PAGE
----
Problems in Tropical Proctology

Case Report

Austin J Surg. 2016; 3(1): 1081.

Problems in Tropical Proctology

Weledji EP¹* and Enoworock G²

¹Department of Surgery, University of Buea, Cameroon

²Department of Pathology, University of Buea, Cameroon

*Corresponding author: Weledji EP, Department of Surgery, Faculty of Health Sciences, University of Buea, Regional Hospital Buea, PO Box 126, Limbe, S.W. Region, Cameroon

Received: February 01, 2016; Accepted: March 22, 2016; Published: March 29, 2016


Anorectal pathology is a growing problem in the developing (tropical) world. Five proctology cases and other anorectal pathologies that highlight the problems of diagnosis and management in a developing tropical country (Cameroon) in West Africa are discussed. Proctological procedures can be safe and effective therapeutic modalities. However, the problems of proctology practice in the developing world include: patients’ ignorance and fear of anorectal procedures rendering fecal incontinence; insufficient health education accentuating late diagnosis and management of anorectal disease; a poor referral system; the lack of trained colorectal surgeons and pathologists; limited resources; and the greater need for understanding sexually transmitted diseases such as HIV/AIDS in the practice of proctology.

Keywords: Haemorrhoids; Cloacal injury; Rectal prolapse; Anal tuberculoma; HIV ulcer; HIV-associated malignancies


HIV: Human Immunodeficiency Virus; AIDS: Acquired Immune Deficiency Syndrome


Anorectal pathology is a growing problem in the developing world. The adoption of the western low fibre diet aggravates the symptoms of haemorrhoids and anal fissures. In addition, sub- Saharan Africa has the highest prevalence of HIV/AIDS and HIV is one of the sexually transmitted organisms that affects the anorectum with a predilection for the external anal sphincter [1,2]. Included in this group are the other sexually transmitted organisms associated with high risk behaviors including anorectal intercourse that cause proctitis and anogenital ulcerations. Other viral organisms include cytomegalovirus, Herpes Simplex Virus (HSV), human papilloma virus (condylo-mataacuminatum), and molluscumcontagiosum. Bacterial organisms include Campylobacter jejuni, Chlamydia trachomatis, Lymphogranuloma venereum, Haemophilusducreyi (chancroid), Neisseria gonorrhoeae (gonorrhoea), Donovaniagranulomatis (granuloma inguinale) and Treponemapallidum (syphilis). The presence of more than one offending organism is common and the presenting symptoms may range from gastrointestinal (diarrhoea, rectal bleeding) to visible lesions in the anus and perineum [2]. The diarrhoea associated with the opportunistic colonic infections (CMV and bacterial colitis/proctitis), is severe and encourages anal ulceration, fissures and pruritis. The tenesmus from diarrhea causes straining that aggravates haemorrhoids. Thus stool cultures for salmonella, shigella, campylobacter and cryptosporidium with microscopy for giardia, ova, cysts and amoebae are mandatory [1,2]. An understanding of HIV/AIDS is therefore important to the practice of proctology as these patients frequently present with proctological diseases. The distribution of the most common anorectal pathologies reported in HIV patients include anal ulcer (29–32%), anal condyloma (32–43%), anal fissure (6–33%), anal fistula (6–33%), perirectal abscess (3–25%) and haemorrhoids (4– 14%..3With increasing survival of HIV/AIDS patients on Highly Active Anti-Retroviral Therapy (HAART) the other non-AIDS related anorectal disorders requiring treatment predominate. The two factors most associated with poor wound healing are AIDS and a poor performance status (ASA or Korsakoff’sscore) [3-5]. Two-thirds of AIDS patients needing surgical treatment for anorectal disease were rendered symptom- free. So treatment is well-worth doing as the survival is close to patients with AIDS who did not have anorectal disease [5,6]. This paper ascertained the short-comings and problems of proctology practice in a typical sub-saharan country (Cameroon) located at the West African coast (the Gulf of Guinea) through 5 case presentations.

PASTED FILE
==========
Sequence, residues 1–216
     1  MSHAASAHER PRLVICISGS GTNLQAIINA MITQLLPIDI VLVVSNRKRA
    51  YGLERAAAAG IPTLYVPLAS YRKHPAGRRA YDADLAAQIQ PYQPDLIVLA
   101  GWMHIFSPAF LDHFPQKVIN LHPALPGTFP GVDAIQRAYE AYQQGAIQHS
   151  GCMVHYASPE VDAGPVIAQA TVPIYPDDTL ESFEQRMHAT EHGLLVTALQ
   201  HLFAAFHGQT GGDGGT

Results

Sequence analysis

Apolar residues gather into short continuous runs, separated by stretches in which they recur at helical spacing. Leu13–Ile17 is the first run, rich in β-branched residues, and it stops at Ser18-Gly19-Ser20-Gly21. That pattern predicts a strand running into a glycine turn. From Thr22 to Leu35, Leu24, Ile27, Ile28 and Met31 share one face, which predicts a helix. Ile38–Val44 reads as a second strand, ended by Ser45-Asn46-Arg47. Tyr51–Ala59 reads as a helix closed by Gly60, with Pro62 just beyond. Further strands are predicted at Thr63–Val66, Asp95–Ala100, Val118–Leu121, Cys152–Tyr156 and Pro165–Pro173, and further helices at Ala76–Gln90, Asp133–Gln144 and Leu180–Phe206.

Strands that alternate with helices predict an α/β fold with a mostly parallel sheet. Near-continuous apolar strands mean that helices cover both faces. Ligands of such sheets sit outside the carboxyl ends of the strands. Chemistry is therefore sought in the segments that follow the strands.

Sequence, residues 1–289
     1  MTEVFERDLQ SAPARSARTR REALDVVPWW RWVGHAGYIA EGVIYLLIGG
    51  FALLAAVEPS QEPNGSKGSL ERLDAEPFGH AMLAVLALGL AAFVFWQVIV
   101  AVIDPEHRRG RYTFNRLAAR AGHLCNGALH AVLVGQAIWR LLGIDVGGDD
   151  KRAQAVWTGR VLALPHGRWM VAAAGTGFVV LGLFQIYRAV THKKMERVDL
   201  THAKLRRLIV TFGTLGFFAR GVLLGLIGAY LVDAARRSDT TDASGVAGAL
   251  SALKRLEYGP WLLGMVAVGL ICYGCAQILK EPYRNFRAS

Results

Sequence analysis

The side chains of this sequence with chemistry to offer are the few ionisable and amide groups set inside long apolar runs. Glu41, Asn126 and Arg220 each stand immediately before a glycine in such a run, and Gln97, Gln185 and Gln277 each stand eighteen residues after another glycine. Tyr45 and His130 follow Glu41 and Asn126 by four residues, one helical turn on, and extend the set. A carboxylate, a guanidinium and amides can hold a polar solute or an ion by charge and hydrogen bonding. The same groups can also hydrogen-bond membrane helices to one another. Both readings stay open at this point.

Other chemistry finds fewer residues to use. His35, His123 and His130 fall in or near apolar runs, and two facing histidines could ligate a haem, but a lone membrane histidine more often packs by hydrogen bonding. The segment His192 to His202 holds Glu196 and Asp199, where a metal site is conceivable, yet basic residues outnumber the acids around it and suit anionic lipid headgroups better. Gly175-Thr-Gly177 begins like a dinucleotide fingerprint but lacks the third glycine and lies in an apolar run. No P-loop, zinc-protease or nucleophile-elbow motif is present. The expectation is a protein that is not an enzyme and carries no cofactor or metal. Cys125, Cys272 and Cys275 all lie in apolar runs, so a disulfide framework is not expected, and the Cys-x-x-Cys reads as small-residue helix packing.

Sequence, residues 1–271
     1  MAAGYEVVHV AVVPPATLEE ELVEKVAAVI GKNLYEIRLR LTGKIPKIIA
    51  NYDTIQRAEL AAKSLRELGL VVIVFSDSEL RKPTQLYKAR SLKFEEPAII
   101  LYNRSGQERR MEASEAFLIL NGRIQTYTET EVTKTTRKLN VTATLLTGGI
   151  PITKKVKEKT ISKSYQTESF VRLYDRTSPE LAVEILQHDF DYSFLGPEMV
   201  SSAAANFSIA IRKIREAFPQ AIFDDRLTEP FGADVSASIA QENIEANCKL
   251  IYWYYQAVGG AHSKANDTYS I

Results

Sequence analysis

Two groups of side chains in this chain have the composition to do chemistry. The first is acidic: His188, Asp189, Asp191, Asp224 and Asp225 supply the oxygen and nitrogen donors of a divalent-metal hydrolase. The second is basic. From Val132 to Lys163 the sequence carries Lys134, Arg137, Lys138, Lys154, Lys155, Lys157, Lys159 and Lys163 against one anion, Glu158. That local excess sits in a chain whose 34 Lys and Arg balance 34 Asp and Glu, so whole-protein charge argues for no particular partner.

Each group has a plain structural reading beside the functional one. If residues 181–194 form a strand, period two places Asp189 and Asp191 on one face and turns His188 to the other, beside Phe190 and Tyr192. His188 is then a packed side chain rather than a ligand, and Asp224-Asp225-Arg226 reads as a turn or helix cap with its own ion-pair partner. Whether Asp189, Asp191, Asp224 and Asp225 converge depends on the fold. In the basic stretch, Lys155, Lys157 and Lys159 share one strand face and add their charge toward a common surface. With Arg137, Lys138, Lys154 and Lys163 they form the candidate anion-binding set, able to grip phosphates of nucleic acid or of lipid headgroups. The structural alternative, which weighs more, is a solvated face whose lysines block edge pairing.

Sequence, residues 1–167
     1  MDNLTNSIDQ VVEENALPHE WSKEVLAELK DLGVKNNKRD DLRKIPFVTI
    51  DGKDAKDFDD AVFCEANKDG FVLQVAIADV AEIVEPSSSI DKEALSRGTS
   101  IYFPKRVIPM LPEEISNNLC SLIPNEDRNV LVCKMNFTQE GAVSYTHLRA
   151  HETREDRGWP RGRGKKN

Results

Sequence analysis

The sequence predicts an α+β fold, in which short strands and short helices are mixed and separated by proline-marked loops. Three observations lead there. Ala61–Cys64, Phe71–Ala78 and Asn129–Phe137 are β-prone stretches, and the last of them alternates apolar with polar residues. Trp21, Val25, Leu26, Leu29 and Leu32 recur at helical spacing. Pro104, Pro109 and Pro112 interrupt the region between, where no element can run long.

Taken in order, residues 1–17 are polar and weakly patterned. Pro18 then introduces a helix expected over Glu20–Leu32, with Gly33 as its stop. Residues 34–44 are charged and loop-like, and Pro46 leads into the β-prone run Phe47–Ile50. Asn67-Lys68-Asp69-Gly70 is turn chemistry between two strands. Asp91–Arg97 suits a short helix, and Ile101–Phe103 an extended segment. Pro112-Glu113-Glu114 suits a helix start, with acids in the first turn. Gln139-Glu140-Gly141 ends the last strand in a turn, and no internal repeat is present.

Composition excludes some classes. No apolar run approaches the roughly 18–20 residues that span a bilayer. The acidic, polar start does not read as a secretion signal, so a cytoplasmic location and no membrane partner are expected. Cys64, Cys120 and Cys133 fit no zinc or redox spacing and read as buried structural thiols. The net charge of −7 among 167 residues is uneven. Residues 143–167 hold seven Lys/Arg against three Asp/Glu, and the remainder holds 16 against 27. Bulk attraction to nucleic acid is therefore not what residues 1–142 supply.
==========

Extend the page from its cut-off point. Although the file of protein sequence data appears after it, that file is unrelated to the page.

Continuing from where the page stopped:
Case Presentation

Problem 1

The lack of trained colorectal surgeons, pathologists and resources

Case: Chronic massive prolapsed haemorrhoids managed by ablation and correction in a poor resourced area.

We report a case of a 75-year-old man with symptomatic chronic circumferentially prolapsed haemorrhoids and associated obstructive defaecation (Figure 1a). He had several failed attempts at surgical repair by general medical practitioners. The specialist’s knowledge that failed haemorrhoidectomy may be due to an associated rectal mucosal prolapse led to the successful approach of ablation and correction of the associated rectal mucosal prolapse with a modified Delorme’s procedure akin to a stapled anopexy (Figure 1b).